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Not got a job yet for September? Don’t panic!

I can see that on Twitter lately, there’s a lot of posts from almost hysterical and panicking new teachers nearing the end of their training course who have not yet got a job for September.

If you're just finishing a teacher training course and haven't got a job yet, let me tell you from experience, it's still early days and definitely not the end of the world.

Though many teachers will have indicated their intentions earlier, most teachers moving schools or retiring will be leaving at the end of this term. From the end of May, schools will know for sure who they will need in September. In spite of COVID making many people more risk averse than ever this year, there will still be a rush of job opportunities in the coming weeks.

As a former head teacher, I was let down on two occasions by people who changed their minds about coming to teach in Hackney - at the very last minute! Twice I had to appoint a new teacher within a few days of starting the new term in September. It wasn't ideal for anyone, but it happens. So don't despair, keep applying and keep trying.

The first trick is to spread your net as wide as you can and register with all the reputable teaching agencies in your region as well as customising your search.

Many agencies will have a focus on London because that's where the greatest concentration of schools is. Turnover is higher in the capital too, providing more opportunities for those willing and able to cope with the extra excitement and cost of living.

Most agencies have branches across the country, however, so decide now if you are prepared to move. I did for my first job – from north-west Kent to the north of the capital and I never went back.

If you are not yet on Twitter, get a profile. Not only is it great for teachers with lots of advice and support, but agencies and schools tweet jobs there.

Make sure your cover letter, CV and supporting statement is well prepared and polished too – let someone who can be frank with you take a look and make suggestions to improve it. At this stage, you are selling yourself so you need to make sure your best attributes stand out.

Here are some ideas of what to promote:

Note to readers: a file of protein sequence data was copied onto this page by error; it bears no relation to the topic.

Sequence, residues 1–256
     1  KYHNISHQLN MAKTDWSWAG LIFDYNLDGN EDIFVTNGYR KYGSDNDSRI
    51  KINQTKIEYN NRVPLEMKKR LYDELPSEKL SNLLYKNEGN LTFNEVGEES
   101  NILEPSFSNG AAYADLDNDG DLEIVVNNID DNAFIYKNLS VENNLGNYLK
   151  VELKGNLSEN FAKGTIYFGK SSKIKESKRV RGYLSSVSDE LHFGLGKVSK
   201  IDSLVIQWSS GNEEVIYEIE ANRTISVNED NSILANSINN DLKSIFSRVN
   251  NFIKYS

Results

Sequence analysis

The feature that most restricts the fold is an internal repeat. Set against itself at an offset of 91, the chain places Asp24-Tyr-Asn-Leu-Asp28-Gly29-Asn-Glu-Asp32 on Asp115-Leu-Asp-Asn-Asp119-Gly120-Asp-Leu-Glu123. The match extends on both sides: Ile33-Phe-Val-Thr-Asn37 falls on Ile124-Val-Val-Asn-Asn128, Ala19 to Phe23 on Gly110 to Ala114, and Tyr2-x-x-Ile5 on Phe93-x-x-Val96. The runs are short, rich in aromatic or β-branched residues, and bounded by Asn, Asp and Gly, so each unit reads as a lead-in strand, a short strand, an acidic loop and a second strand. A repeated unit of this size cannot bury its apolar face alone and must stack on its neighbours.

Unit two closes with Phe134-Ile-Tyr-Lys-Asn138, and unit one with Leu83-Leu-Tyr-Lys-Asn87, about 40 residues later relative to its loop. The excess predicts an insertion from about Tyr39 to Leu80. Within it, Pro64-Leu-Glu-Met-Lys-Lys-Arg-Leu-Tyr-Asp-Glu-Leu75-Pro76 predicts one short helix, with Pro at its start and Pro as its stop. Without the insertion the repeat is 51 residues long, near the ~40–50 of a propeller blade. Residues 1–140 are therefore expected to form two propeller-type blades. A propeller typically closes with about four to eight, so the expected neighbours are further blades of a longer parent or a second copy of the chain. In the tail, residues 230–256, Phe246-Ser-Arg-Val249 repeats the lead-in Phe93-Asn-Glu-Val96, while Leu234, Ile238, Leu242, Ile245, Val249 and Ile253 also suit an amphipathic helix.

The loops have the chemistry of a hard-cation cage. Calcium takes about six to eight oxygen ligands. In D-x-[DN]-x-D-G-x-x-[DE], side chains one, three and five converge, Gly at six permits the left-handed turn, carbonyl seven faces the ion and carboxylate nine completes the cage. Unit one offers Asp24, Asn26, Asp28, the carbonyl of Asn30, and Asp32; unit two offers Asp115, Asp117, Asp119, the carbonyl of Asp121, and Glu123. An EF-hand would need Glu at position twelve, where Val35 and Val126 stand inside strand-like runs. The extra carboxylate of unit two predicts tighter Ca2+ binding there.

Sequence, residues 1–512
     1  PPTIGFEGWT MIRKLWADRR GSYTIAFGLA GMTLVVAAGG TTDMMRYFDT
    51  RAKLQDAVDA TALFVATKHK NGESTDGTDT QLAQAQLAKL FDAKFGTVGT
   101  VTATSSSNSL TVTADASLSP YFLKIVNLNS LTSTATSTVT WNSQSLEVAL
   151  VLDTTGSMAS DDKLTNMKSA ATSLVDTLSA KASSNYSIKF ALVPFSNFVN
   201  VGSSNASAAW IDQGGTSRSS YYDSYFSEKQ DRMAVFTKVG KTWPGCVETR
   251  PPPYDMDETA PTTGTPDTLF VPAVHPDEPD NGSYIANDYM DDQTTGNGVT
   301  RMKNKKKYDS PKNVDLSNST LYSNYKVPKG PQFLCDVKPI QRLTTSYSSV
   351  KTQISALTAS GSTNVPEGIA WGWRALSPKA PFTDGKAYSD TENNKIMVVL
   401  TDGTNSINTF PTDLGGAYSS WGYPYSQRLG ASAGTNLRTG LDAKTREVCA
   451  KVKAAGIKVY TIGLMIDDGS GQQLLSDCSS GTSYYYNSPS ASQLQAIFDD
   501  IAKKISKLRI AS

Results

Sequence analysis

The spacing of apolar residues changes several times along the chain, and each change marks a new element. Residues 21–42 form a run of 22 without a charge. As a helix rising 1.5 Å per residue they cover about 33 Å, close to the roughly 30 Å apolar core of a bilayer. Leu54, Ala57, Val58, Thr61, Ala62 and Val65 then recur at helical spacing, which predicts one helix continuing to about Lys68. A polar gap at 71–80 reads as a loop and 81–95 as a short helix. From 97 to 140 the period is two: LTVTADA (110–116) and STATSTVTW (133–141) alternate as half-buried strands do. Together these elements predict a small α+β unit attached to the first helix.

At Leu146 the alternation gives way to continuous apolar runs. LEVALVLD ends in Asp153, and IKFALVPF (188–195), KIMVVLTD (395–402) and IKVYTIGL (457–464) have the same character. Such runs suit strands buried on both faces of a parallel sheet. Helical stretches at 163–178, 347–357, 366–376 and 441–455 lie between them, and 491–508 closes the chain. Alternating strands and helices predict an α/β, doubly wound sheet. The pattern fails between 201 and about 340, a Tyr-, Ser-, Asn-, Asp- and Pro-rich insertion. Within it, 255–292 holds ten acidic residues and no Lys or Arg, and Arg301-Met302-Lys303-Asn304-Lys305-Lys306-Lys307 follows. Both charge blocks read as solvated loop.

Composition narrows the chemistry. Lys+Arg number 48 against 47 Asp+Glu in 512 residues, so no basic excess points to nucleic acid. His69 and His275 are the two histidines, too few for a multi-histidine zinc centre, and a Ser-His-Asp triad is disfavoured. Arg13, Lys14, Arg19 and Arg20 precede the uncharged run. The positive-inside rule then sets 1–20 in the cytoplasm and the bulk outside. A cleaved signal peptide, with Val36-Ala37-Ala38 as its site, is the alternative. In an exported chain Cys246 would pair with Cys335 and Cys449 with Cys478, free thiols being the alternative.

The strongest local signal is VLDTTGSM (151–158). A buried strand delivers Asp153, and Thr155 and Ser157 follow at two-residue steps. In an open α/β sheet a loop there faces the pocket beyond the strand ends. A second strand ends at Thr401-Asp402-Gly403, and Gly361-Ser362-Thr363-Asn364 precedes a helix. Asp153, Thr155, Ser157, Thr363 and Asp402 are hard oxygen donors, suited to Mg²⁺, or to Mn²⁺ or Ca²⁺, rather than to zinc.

• Your energy, enthusiasm and commitment to teaching. Say why you'd love to teach at this particular school;

  • Your specialism and particular teaching strengths with an example from your school placement. For example, talk about how brilliant you were at motivating disaffected year 6 boys to write about their favourite toy;

  • Your aptitudes and skills with another example from teaching practice, for example, how you played guitar in assembly or helped coach the netball team.

Try not to panic yourself into taking a job that isn't right for you:

  • Make sure you go through due process of visiting a school and getting a feel for the ethos and atmosphere;

  • Judge the quality of relationships between teachers and pupils, pupils and pupils, and teachers and teachers. Do they look like they enjoy each other's company and have fun teaching and learning?

  • Assess the support you can expect as a newly-qualified teacher (now called Early Careers Teachers - ECTs). Can you meet your ECT induction mentor?

  • Who else can you go to for advice and support? Has staff turnover been an issue, especially with ECTs? Don't be afraid to ask.

  • When you prepare for interview at an agency or especially at a school, make sure you have rehearsed the answers to questions you can anticipate, such as, "Give us an example of a successful episode during your teaching training," or, "Give us an example of how you overcame a challenge during your final teaching practice."

As Martine Di Paola's from Prospero Teaching says: "NQTs must try to highlight any relevant experience they have working with children and young people, voluntary or otherwise. Something like working at a summer camp or volunteering at a local scout group or youth club are much more impressive to head teachers than a part-time job in an unrelated area such as retail.

If you do have limited experience, it's about drawing out the transferable skills to teaching, for example, dealing with an angry customer in retail and remaining calm, managing behaviour and resolving conflict.

Your school placements will also provide good examples, but it's important to show you have a wider range of experience, so schools can really picture how you will fit into the school ethos and environment."

Finally – don't despair, stay positive, keep trying and eventually you will get that dream teaching job.

Good luck.

Alan Newland worked as a teacher, teacher-trainer and head teacher in London for over 20 years and then for over a decade with the DfE and the GTC. He now lectures and writes on professional values in teaching and runs the award-winning social media network newteacherstalk. You can follow him on Twitter at @newteacherstalk.

His new book: ‘Becoming a teacher – the legal, ethical and moral implications of entering society’s most fundamental profession’ will be published by Crown House Publishing this summer and can be ordered here.

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